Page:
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NDP hails expansion of South Okanagan, Similkameen Primary Care Network

Premier David Eby Wednesday announced expansion Wednesday with Health Minister Dix, MLA Russell
South Okanagan and Similkameen Primary Care Network is adding six more staff, but it is not clear yet when they will become available following Wednesday’s announcement by Premier David Eby in Oliver. (Black Press Media file photo)

Premier David Eby Wednesday (May 29) hails the pending expansion of the South Okanagan and Similkameen Primary Care Network as a response to local health care needs, but it is not clear yet when the full-time positions will be in place.

“Primary care networks mean that additional health care workers are on deck just for you and your family with the care that you need,” he said. “People who live in rural communities deserve high-quality health care close to where they live,” Eby added.

Eby was speaking at Oliver’s South Okanagan General Hospital, where B.C. Health Minister Adrian Dix and Roly Russell, MLA for Boundary-Similkameen, joined him. Russell also serves as Parliamentary Secretary for Rural Development.

PNCs connect patients with family physicians, nurse practitioners and other health professionals with patients and the South Okanagan and Similkameen PNC is among 79 such networks across B.C. It launched in 2019 and its current complement is about 36 full-time medical staff.

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“That 87 per cent of our hiring done and this includes doctors and nurse practitioners and social workers and dietitians,” Dix said.

As of March 31, government was funding South Okanagan and Similkameen for just under 42 full-time positions. But neither Dix nor government’s release identified when the new positions would be in place. Black Press Media has reached out to Dix’s ministry for additional information.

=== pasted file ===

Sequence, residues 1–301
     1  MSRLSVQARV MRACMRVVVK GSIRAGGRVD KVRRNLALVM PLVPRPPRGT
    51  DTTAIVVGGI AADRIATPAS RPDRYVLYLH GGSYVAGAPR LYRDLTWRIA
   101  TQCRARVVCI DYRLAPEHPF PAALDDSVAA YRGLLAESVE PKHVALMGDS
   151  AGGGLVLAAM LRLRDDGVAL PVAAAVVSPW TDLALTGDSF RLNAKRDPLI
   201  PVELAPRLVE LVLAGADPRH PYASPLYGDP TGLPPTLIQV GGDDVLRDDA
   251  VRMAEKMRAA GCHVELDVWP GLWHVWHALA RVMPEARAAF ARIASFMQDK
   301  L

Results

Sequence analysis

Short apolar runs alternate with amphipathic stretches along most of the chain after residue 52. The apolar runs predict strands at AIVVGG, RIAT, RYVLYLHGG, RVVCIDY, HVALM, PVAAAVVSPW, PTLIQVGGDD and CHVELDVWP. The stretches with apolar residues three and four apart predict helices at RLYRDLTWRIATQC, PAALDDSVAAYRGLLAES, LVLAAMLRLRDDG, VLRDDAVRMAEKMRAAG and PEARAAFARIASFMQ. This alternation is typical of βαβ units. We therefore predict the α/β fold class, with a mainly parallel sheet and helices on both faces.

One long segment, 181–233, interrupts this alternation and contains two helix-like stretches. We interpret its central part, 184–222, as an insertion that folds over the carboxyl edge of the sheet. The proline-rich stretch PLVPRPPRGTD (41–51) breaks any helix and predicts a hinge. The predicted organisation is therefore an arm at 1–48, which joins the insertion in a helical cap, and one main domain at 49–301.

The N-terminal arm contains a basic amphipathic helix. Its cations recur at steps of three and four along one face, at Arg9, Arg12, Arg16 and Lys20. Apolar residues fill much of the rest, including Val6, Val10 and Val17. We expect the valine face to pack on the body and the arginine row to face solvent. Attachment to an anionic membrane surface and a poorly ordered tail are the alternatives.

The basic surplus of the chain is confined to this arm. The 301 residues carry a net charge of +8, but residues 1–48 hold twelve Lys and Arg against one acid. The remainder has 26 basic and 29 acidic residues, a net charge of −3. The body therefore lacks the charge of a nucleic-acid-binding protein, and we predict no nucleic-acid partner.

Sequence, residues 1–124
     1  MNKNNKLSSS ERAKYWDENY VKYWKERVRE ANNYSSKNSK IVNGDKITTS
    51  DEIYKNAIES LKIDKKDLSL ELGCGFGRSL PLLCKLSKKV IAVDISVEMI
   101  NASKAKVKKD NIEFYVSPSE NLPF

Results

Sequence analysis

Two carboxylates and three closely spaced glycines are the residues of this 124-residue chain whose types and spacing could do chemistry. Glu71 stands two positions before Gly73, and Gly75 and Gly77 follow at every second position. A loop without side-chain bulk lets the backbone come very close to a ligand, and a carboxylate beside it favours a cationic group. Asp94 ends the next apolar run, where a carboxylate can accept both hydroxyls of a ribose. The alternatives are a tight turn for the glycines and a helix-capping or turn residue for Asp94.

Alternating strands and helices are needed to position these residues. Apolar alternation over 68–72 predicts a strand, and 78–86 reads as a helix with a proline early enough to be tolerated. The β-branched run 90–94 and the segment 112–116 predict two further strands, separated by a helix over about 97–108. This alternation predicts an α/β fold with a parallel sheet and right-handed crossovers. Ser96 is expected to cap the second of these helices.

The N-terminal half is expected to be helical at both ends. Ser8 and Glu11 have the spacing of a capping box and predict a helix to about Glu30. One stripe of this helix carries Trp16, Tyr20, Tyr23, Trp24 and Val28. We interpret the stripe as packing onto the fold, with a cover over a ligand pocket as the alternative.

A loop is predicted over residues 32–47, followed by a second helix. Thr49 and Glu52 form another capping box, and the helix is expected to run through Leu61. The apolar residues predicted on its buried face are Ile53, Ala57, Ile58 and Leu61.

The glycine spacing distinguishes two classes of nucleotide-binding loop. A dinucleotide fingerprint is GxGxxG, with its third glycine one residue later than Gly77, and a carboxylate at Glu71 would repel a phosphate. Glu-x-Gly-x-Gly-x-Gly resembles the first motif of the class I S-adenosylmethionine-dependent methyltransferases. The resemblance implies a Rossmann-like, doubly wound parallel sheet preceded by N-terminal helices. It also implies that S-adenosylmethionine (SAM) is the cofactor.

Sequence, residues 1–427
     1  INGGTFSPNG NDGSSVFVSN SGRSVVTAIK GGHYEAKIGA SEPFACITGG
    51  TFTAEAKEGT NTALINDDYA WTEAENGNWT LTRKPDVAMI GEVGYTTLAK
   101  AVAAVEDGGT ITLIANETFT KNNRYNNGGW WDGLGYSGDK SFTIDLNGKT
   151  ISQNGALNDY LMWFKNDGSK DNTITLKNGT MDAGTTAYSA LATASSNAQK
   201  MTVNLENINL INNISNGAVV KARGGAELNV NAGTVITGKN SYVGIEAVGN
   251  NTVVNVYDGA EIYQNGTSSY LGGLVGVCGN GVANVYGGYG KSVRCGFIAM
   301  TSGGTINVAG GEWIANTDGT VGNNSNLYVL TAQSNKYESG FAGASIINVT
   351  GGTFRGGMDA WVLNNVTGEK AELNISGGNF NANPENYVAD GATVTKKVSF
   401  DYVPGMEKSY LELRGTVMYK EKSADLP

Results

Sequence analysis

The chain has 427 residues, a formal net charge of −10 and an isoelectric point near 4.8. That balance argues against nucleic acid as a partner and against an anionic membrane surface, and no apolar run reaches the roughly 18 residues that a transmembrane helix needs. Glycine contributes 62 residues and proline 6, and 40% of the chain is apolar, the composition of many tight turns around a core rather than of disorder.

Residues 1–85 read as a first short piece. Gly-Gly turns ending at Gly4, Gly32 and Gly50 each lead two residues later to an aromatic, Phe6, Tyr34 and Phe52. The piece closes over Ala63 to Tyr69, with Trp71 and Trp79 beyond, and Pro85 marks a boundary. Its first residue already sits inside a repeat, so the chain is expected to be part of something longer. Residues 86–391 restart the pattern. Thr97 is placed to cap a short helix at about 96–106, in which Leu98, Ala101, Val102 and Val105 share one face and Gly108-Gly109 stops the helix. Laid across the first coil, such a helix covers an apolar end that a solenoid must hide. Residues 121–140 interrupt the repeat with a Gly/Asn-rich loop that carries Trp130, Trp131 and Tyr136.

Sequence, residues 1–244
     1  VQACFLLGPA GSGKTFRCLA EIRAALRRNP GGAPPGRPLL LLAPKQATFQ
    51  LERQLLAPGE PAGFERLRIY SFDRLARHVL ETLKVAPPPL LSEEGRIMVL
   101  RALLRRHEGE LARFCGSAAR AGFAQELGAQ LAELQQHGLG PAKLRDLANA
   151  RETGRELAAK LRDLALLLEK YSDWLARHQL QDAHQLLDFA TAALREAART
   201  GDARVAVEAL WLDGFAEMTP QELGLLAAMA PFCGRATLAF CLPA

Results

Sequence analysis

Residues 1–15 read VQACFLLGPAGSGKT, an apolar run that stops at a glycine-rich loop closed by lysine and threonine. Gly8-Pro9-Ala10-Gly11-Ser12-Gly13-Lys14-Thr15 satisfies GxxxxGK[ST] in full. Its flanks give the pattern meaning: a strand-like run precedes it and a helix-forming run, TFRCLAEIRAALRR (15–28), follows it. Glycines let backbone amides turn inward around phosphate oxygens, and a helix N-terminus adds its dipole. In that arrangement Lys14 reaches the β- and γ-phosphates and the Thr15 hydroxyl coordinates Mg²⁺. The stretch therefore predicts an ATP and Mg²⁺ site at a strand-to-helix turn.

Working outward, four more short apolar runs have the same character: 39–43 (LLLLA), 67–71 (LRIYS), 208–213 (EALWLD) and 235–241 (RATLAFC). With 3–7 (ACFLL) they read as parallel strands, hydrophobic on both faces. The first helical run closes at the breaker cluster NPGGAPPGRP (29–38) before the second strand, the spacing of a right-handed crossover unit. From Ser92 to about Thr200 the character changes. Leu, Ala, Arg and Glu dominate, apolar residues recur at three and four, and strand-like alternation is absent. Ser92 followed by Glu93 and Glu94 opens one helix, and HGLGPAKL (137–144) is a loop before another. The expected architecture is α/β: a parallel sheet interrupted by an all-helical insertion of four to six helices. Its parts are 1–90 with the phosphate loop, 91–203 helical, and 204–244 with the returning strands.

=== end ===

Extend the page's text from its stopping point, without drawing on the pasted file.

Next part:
As of May 2024, the South Okanagan and Similkameen has attached just under 22,600 individuals to primary care providers.

Both Eby and Dix framed the expansion of the South Okanagan and Similkameen PNC as part of ongoing efforts to train and attract more health care workers.

Russell said primary care networks not only help provide health care, but also serve communities in other ways.

“Primary care is at the heart of much we can lean on to get people to actually stay in our communities and help us get to that place of thriving,” he said.

Annual funding for the operation of the facility will top $6.8 million once it has reached its full staffing level.

Oliver Mayor Martin Johansen welcomed Wednesday’s announcement.

“Approval of the Rural Growth Plan and expansion of the Primary Care Network for the South Okanagan Similkameen is exciting news,” he said. “More people getting access to health care closer to home is a priority and a much-appreciated investment in our rural communities.”

Wolf Depner

About the Author: Wolf Depner

I joined the national team with Black Press Media in 2023 from the Peninsula News Review, where I had reported on Vancouver Island's Saanich Peninsula since 2019.
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